That memory would include experience of art as well as nature was central to the picturesque. Particular aesthetic experience could arise from the accumulation of pre-existing artefacts ‘skilfully divided and arranged in separate compositions’, as in Soane’s house and other romantic interiors. Knight’s description of this, with its account of ‘successively revealed scenes’, each showing the others in a new light, reminds us of the sequence in Keats’s ode in which each vista, including the ‘unseen’ view of the picturesque ‘little town’, modifies our sense of the others.
Payne Knight opposed the purchase of the Elgin marbles. It was a mistake that has done for his reputation what the mis-identification of the Hitler diaries has done for Hugh Trevor Roper. To this day, Knight is often dismissed as a hidebound old fool. But Pevsner knew better. In his essay on Knight he finds himself – almost reluctantly – describing the dissertation Symbolical Language in Ancient Art and Mythology of 1818 (the year before Keats’s Ode was written) as ‘psychoanalytical’ in approach. It was indeed in that direction, toward a theory of reciprocity between mind and art, the complete intermingling of subjective and objective, that Knight is moving.
It was another poet, Coleridge, who coined the word ‘psycho-analytic’, some 10 years later, but Keats, in his Ode to Psyche, describes the garden ‘In some untrodden region of my mind’ where ‘branched thoughts’ create a picturesque landscape, the work of the ‘gardener Fancy’. ‘The wreath’d trellis of a working brain’ is the realisation of what Knight and Price and the landscape gardener Humphry Repton were trying to evoke. Shelley noted that the theorists could not, artistically, ‘catch the hare’. Keats did. Or rather, unintentionally, he carried the picturesque on his coat-tails into poetry.
The urn would be a fitting termination to a walk in a picturesque garden, its neo-Platonic motto taking on a particular propriety in such an artificial, philosophical landscape. But that is not its site. It is a product of Bloomsbury and Hampstead, created a year after Repton’s death, by a poet who did not frequent country houses. The theories of the picturesque are part of its background, not its subject.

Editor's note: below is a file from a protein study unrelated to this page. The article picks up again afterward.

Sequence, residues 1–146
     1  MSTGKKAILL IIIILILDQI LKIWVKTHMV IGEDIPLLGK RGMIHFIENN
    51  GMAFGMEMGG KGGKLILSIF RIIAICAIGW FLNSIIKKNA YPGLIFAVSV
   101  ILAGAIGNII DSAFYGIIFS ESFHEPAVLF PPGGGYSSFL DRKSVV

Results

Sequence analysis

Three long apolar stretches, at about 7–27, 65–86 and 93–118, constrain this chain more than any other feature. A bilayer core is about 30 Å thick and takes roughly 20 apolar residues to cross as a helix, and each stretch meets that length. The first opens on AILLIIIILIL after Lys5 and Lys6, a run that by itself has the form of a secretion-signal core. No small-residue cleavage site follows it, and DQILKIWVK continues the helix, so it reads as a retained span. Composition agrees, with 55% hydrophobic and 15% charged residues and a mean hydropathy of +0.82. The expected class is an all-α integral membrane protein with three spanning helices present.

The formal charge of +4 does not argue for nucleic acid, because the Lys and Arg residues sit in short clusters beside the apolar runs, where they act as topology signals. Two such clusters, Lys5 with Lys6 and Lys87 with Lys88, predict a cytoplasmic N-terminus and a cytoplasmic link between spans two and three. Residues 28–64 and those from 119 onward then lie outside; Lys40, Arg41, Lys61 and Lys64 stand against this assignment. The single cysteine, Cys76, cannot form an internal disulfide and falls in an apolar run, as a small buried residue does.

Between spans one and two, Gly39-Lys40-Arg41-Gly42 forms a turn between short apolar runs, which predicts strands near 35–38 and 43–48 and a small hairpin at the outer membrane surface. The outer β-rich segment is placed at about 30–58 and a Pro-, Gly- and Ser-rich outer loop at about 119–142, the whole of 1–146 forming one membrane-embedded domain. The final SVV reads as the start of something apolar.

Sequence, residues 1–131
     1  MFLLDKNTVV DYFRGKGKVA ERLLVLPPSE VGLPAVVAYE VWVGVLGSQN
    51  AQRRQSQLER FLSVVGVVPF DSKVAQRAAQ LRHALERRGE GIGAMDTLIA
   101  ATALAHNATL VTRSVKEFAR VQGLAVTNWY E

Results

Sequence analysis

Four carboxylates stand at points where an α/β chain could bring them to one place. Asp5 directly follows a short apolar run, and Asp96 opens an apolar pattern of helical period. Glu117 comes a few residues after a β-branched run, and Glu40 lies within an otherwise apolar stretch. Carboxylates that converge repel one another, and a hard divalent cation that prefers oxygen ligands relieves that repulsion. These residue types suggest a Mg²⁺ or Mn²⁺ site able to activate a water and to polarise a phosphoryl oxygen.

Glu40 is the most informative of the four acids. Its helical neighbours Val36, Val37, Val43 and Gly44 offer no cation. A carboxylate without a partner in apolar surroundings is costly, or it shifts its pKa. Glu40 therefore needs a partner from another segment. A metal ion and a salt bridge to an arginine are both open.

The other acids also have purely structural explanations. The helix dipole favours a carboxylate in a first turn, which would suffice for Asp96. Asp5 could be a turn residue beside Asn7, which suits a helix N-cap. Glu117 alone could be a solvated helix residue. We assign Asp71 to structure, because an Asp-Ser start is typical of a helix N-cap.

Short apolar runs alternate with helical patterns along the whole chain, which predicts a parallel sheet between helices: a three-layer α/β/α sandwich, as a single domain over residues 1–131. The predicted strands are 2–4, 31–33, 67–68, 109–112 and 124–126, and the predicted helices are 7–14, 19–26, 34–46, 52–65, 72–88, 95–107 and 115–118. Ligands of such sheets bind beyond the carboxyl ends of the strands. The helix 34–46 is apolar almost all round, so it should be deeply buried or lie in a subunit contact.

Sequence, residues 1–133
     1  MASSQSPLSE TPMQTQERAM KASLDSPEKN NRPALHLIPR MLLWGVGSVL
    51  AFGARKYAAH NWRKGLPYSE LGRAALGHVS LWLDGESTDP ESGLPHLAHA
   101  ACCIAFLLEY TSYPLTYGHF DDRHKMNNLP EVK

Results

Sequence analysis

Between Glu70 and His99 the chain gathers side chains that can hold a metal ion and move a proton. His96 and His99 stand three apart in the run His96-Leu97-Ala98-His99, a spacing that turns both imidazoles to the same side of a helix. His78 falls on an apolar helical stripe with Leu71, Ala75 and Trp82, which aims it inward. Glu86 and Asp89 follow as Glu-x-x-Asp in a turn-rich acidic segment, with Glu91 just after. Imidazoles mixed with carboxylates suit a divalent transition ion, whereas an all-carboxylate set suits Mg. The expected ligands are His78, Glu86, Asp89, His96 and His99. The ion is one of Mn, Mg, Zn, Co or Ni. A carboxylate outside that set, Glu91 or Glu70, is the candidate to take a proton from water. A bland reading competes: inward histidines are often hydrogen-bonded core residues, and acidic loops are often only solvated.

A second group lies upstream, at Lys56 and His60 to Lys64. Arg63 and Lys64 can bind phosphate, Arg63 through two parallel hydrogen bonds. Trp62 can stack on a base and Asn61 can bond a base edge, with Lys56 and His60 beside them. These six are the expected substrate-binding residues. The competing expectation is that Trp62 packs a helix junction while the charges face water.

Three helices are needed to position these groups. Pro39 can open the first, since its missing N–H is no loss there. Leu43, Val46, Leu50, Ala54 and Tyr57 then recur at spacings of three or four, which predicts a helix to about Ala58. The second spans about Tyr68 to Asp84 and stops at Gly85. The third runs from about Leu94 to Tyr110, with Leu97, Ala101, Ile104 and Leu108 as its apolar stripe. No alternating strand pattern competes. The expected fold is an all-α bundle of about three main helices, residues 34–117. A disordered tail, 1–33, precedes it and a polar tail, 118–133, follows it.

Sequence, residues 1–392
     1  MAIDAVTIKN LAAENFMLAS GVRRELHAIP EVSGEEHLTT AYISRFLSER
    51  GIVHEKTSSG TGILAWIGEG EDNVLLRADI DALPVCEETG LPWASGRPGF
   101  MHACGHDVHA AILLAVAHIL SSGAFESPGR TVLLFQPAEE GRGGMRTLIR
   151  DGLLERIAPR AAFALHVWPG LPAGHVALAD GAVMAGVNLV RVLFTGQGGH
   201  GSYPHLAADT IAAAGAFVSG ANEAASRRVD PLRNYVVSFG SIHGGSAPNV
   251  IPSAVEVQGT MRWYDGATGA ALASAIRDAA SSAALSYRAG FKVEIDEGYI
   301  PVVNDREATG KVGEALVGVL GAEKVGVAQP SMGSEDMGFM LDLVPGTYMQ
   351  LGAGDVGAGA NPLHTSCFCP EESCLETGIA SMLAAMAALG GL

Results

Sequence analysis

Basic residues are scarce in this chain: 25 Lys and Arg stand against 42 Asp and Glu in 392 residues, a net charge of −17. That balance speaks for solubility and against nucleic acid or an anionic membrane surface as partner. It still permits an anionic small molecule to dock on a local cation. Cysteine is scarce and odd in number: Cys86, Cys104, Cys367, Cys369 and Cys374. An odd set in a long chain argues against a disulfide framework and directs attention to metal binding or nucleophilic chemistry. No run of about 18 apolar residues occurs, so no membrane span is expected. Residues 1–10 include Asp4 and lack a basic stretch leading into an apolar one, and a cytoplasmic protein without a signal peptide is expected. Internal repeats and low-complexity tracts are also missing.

So, what kind of a thing is the urn? It is, of course, a work of applied art in the sense that it has no discrete existence. It exists only within the poem – a synthesis of influences formed in an age that did not find synthesis inauthentic. It bears marks of the taste of the urban middle class of the regency, formed from shops, museums and reproductions. As a work of art made from existing artefacts, sequential views, uncertain knowledge and the imagination of the beholder, it is peculiarly characteristic of the English romantic picturesque.
I would like to thank Andrew Motion for reading this essay and discussing it with me.
For the main discussion of sources for the urn, see:
Sidney Colvin, Life of John Keats, London, 1917.
Ian Jack, Keats and the Mirror of Art, Oxford, 1967. This is the best account of Keats’s in-volvement with and responses to the arts, and contemporary debates on artistic theory.
Dwight E. Robinson, from Ode on a ‘New Etrurian’ Urn , in the Keats-Shelley Journal, volume 12, New York, 1963.
Timothy Hilton, Keats and his World, London: Thames & Hudson, 1971.
Other works consulted include:
E.T. Helmick, ‘Hellenism in Byron and Keats’, Keats-Shelley Memorial Bulletin no. XXII, Rome, 1971.
G.S. Fraser (ed.), John Keats’s Odes, A Casebook, London, 1971.
Helen Vendler, The Odes of John Keats, Cambridge, Massachusetts, 1983.
Clive Wainwright, The Romantic Interior, London, 1989.
Grant F. Scott, The Sculpted Word, Keats, Ekphrasis and the Visual Arts, New England, 1994.
Antony Griffiths, ‘The Department of Prints and Drawings during the First Century of the British Museum’, Burlington Magazine, 1994.
J. Mordaunt Crook, The Greek Revival, revised edition, London 1995.
Aileen Dawson, Masterpieces of Wedgwood, revised edition, London 1995.
Ian Jenkins and Kim Sloan, Vases and Volcanoes: Sir William Hamilton and his Collection, London, 1996.
things 6, summer 1997